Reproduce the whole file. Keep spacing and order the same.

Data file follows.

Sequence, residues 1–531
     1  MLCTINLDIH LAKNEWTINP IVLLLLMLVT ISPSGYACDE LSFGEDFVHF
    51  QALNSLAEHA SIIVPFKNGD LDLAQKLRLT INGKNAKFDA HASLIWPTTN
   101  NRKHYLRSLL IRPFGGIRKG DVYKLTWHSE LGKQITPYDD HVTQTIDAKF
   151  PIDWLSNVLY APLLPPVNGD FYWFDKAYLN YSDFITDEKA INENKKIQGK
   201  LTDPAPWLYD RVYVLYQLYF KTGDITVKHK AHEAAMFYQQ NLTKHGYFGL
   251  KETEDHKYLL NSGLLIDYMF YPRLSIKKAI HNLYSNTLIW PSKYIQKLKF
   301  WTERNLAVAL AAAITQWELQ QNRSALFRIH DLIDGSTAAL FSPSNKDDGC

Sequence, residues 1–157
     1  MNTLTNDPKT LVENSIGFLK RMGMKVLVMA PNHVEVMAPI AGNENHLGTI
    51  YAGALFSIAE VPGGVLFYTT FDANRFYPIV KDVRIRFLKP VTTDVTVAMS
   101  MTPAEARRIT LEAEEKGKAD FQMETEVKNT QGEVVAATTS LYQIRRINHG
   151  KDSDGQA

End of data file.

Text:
Sequence, residues 1–531
     1  MLCTINLDIH LAKNEWTINP IVLLLLMLVT ISPSGYACDE LSFGEDFVHF
    51  QALNSLAEHA SIIVPFKNGD LDLAQKLRLT INGKNAKFDA HASLIWPTTN
   101  NRKHYLRSLL IRPFGGIRKG DVYKLTWHSE LGKQITPYDD HVTQTIDAKF
   151  PIDWLSNVLY APLLPPVNGD FYWFDKAYLN YSDFITDEKA INENKKIQGK
   201  LTDPAPWLYD RVYVLYQLYF KTGDITVKHK AHEAAMFYQQ NLTKHGYFGL
   251  KETEDHKYLL NSGLLIDYMF YPRLSIKKAI HNLYSNTLIW PSKYIQKLKF
   301  WTERNLAVAL AAAITQWELQ QNRSALFRIH DLIDGSTAAL FSPSNKDDGC

Sequence, residues 1–157
     1  MNTLTNDPKT LVENSIGFLK RMGMKVLVMA PNHVEVMAPI AGNENHLGTI
    51  YAGALFSIAE VPGGVLFYTT FDANRFYPIV KDVRIRFLKP VTTDVTVAMS
   101  MTPAEARRIT LEAEEKGKAD FQMETEVKNT QGEVVAATTS LYQIRRINHG
   151  KDSDGQA